Head Start: The agreement provides $10.1 billion, $200 million more than fiscal year 2018, for Head Start. The increase invests in the Head Start workforce by providing $150 million towards a cost-of-living adjustment. It also includes an additional $50 million for Early Head Start-Child Care Partnerships and Early Head Start expansions, increasing access to several thousand more families. Early Head Start serves low-income infants and toddlers and their families, providing comprehensive services at a critical time in child development.
CCDBG: The agreement provides $5.276 billion for the Child Care and Development Block Grant, $50 million more than fiscal year 2018 and $2.27 billion more than the President’s request. The funding will help states continue to improve the quality and affordability of child care programs and to increase access so that more parents can go to work knowing their children are safe and learning the skills they need to succeed later in life.
Maternal Mortality: The agreement includes $50 million in HRSA and CDC for a new initiative aimed at reducing maternal mortality. This will fund expanded data collection and surveillance at State Maternal Mortality Review and expanded evidence-based programs to prevent maternal mortality and advance maternal health equity.
Low Income Home Energy Assistance Program: The agreement includes $3.69 billion to assist more than 6 million low income households with their home energy costs. The President proposed to eliminate the program.
Healthcare Workforce Programs. The agreement includes $1.1 billion for healthcare workforce programs, $36 million more than fiscal year 2018, and it rejects the Administration’s proposal to cut $972 million and eliminate dozens of critical programs that train and expand access to physicians, nurses and health care professionals nationwide.
Community Services Block Grant (CSBG): The agreement includes $725 million for CSBG, which is $10 million more than fiscal year 2018 and which the President’s budget would have eliminated. CSBG helps community action agencies alleviate the causes and conditions of poverty in almost every county in the nation.
Title III—Department of Education
The agreement provides $71.4 billion for programs at the Department of Education. This amount is $2.6 billion more than the fiscal year 2017 level, $581 million more than fiscal year 2018 and $8.2 billion more than the President’s request.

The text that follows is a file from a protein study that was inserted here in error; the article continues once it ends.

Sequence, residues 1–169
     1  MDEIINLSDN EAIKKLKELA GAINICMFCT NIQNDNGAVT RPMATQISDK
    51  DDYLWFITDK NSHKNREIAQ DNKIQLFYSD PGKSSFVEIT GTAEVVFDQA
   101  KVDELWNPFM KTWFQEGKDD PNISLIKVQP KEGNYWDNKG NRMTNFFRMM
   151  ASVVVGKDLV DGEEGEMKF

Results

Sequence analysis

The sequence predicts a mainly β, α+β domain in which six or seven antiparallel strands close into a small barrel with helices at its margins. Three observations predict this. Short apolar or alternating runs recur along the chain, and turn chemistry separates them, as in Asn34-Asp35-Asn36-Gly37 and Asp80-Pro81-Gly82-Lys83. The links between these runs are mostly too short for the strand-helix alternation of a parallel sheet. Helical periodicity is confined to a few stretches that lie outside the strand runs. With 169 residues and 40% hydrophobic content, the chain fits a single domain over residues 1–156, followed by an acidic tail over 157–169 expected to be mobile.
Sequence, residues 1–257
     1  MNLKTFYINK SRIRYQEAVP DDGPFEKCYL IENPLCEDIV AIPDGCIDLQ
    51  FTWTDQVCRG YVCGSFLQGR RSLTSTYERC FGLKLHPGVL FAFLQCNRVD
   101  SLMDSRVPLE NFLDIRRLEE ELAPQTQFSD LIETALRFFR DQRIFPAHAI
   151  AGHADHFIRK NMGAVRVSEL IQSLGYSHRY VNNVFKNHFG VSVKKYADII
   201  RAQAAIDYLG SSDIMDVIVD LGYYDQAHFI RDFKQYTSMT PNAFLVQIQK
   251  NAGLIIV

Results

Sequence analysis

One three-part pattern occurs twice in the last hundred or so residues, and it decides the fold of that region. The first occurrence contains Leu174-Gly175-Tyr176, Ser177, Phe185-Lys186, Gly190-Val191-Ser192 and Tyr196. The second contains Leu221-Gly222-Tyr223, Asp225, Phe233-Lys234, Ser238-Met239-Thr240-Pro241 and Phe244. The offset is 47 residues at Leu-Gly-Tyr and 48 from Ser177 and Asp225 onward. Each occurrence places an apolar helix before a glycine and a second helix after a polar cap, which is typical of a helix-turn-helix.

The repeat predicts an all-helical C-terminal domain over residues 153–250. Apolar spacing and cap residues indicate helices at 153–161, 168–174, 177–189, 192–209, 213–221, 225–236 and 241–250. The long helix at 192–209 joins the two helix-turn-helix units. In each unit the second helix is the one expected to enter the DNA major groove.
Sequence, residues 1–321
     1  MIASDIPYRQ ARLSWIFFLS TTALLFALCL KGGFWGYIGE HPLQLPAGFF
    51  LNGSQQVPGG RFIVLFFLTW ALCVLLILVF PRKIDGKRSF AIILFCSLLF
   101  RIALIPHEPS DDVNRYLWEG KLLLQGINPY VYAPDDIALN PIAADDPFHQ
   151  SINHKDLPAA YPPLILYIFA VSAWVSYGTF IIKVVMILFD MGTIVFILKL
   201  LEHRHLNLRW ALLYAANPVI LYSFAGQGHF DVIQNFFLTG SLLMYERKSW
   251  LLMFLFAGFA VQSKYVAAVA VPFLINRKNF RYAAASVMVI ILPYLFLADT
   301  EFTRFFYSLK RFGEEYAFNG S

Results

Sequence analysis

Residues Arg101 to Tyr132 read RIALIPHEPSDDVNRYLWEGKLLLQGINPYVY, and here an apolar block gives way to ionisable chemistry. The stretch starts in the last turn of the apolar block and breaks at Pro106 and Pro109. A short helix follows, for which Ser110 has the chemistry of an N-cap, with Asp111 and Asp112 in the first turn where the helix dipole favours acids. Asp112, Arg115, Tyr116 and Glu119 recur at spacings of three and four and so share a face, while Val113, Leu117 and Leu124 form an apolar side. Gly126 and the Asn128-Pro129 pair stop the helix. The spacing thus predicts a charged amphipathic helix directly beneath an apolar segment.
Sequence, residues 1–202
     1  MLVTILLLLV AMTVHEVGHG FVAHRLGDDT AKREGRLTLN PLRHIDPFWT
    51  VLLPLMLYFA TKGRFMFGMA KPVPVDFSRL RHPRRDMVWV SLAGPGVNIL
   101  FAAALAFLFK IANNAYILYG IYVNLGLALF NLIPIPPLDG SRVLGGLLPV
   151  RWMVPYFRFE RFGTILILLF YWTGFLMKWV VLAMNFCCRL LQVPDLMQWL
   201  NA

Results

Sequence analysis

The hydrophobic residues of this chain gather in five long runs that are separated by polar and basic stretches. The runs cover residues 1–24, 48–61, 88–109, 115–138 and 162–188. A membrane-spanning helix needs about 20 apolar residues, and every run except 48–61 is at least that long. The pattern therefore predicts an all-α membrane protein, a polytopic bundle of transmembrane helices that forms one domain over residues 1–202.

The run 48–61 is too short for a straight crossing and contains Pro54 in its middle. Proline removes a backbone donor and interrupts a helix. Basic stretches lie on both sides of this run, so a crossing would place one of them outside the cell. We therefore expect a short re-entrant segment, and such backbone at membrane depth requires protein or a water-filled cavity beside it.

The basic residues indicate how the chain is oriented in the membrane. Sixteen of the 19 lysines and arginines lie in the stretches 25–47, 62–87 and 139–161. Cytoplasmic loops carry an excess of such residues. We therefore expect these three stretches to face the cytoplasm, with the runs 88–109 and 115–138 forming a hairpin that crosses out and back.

Title I: The agreement includes $15.9 billion, an increase of $100 million more than fiscal year 2018 and $400 million more than the President’s Budget, for Title I-A grants to local educational agencies. Title I-A assists half of the nation’s schools in their efforts to raise student achievement for 25 million students. These programs provide extra academic support to help students, particularly those in high-poverty schools, meet college and career-ready state academic standards, including through preschool programs for eligible children.
Student Support and Academic Enrichment: The agreement provides $1.170 billion, an increase of $70 million more than fiscal year 2018, for the Student Support and Academic Enrichment grant program. The President’s Budget proposed eliminating this funding. This program provides flexible resources that states, LEAs, and schools can decide how to best use, consistent with the authorization for the program, to improve student outcomes.
21st Century Community Learning Centers: The agreement includes $1.220 billion, an increase of $10 million more than fiscal year 2018 and rejection of the elimination proposed in the President’s Budget, for grants to states to support academic and enrichment activities for students before school, after school, and during the summer.
Pell Grants: The agreement increases the Pell Grant maximum award by $100, to $6,195 when combined with mandatory funding, for roughly 8 million students from low and middle income families. The growth in the maximum award builds on the $175 increase provided in the fiscal year 2018 law.
TRIO: The agreement also provides $1.060 billion, an increase of $50 million more than fiscal year 2018, for TRIO, which includes programs like Upward Bound, Student Support Services and Talent Search which assist low-income, first-generation college students, and students with disabilities to progress academically from middle school through college graduation.
Career and Technical Education: The agreement provides $1.3 billion, an increase of $70 million more than fiscal year 2018, for Career and Technical Education State grants. This investment builds on the $75 million increase provided in fiscal year 2018. These funds help close the skills gap and provide students with the skills and credentials they need for 21st century careers through programs at secondary schools and postsecondary institutions.
Title IV—Related Agencies
Social Security Administration (SSA): The agreement provides $12.9 billion for SSA, which is $494 million more than the President’s request and represents a $40 million increase over fiscal year 2018 for SSA’s base administrative budget. After accounting for a one-time IT modernization investment, the fiscal year 2019 funding level includes a $275 million increase for general operations and an additional $45 million for IT modernization. The agreement also includes $100 million to continue to reduce the disability hearings backlog. SSA affects the lives of more than 50 million Americans receiving retirement and survivor benefits, as well as the millions applying for and receiving disability benefits.